Washougal officials have high hopes for Town Center Revitalization despite $970K shortfall

New 'urban greenspace' in downtown Washougal project to include splash pad, play area, dog park

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The city of Washougal’s Town Center Revitalization project is illustrated in a graphic presented to the Washougal City Council, Monday, Feb. 12, 2024. At top: The city of Washougal’s Town Center Revitalization project would feature a children’s play area just north of the Washougal Community Center. (Contributed graphics courtesy of the city of Washougal)

Washougal City Manager David Scott is confident that the City will be able to complete its Town Center Revitalization project despite a $970,000 budget shortfall.

The City has procured $8.15 million from various sources for the project, which is estimated to cost $9.12 million. Construction is expected to start in 2025.

“We’re a little short, but there’s a pretty healthy contingency of $800,000, so it really just depends as we refine the design,” Scott said during the Washougal City Council’s workshop Monday, Feb. 11. “I have a high level of confidence that we’ll be able to deliver this project and do something really special in our Town Center, even though it is costing more than what we thought it would.”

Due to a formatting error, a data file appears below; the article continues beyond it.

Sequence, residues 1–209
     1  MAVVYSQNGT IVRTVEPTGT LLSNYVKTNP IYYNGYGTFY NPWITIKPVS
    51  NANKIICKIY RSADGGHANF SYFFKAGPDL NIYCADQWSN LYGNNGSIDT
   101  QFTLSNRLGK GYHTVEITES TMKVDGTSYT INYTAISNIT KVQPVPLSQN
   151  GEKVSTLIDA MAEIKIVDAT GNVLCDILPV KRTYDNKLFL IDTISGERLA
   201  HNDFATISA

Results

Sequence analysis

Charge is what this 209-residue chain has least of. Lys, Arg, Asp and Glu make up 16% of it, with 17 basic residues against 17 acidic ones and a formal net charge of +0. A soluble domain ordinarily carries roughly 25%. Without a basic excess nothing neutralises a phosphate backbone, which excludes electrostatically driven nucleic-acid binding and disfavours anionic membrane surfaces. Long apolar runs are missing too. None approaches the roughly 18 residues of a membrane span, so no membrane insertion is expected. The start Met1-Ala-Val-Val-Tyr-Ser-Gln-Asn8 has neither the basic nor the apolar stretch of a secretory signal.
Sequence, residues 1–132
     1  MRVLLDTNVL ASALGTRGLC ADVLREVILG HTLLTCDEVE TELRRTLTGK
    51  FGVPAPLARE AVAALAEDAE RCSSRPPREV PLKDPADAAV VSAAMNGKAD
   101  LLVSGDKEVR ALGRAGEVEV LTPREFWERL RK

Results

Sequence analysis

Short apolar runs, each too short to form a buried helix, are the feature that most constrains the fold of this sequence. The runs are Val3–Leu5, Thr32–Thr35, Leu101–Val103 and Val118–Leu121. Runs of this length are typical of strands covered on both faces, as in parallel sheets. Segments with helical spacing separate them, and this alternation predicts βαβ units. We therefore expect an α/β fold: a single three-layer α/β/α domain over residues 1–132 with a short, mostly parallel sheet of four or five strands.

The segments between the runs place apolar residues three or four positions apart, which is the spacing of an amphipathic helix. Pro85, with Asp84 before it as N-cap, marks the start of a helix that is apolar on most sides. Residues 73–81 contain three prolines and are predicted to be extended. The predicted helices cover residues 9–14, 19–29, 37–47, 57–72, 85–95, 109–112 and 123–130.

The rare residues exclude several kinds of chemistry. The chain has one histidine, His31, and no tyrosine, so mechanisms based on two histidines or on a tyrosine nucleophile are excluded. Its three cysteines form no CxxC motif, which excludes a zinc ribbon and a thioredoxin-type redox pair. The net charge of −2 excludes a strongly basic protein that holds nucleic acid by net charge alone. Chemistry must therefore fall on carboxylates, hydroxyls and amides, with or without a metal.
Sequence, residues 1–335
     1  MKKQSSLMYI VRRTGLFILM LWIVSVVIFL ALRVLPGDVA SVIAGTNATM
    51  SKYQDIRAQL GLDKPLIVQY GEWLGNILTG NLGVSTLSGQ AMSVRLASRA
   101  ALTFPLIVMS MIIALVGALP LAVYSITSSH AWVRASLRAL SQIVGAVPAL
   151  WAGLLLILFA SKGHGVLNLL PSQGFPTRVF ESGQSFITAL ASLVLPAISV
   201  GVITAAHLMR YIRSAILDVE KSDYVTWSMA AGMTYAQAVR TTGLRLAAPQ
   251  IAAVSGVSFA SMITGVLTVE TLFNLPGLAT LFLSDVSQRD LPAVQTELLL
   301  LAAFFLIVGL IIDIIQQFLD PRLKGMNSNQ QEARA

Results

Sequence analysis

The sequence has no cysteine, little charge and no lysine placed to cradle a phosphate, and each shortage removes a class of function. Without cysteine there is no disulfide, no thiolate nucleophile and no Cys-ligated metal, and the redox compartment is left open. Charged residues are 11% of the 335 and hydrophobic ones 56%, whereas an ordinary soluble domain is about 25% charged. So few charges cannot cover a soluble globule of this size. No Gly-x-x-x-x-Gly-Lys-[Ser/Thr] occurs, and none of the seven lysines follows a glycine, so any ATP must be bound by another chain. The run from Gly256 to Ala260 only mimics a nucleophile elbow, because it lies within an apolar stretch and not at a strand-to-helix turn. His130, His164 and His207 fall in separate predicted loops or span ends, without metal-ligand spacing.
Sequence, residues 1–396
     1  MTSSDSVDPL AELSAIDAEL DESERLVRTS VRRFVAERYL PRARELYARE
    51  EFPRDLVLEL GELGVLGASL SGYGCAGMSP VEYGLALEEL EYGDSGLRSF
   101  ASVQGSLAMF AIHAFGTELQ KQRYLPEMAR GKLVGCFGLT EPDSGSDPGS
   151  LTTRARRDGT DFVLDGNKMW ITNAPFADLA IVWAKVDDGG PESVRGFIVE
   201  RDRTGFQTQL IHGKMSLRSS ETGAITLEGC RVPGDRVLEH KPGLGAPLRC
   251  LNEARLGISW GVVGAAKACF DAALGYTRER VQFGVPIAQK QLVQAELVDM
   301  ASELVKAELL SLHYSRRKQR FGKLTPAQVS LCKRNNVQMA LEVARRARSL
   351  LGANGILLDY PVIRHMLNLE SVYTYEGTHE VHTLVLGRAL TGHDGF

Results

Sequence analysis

City officials introduced their plans for the project in May 2022, telling Council members that an enhanced civic center will provide vital enhancements to the quality of life in Washougal and promote economic growth.

According to the City, the project will result in the creation of enhanced outdoor community space, an off-leash dog park, a pocket park with potential splash pad/water feature, and improved and expanded public parking near the Fort Vancouver Regional Library’s (FVRL) future library building, the Washougal Community Center and City Hall.

“The goals of this project are to provide vital enhancements to the quality of life in Washougal and promote economic growth by drawing the surrounding communities to an enhanced civic center to share all that Washougal has to offer — educationally, culturally and professionally,” according to the City. “New urban greenspace will provide opportunities for passive recreation that supports individuals of all ages and will provide new opportunities for recreational programming at the adjacent community center. Improved access to the FVRL (library) and nearby Town Center businesses will serve as a major catalyst for redevelopment, encouraging new businesses to locate in this area and individuals to stay, play and shop in Washougal.”

Jeremy Fick, a civil engineer for Vancouver-based Robertson Fick Engineering PC, and Nate Otani, a principal designer for Shapiro-Didway, a Portland-based landscape architecture firm, provided City leaders and Council members a first look at new, three-dimensional renderings of the project during the Council’s workshop.

“The design updates are taking shape,” Otani said. “All of the background data, research and community input helped us take the spatial use diagram (shown to Council members in November 2023) and start to put a form and a design language to it.”

The consultants explained some of the elements shown in the new renderings.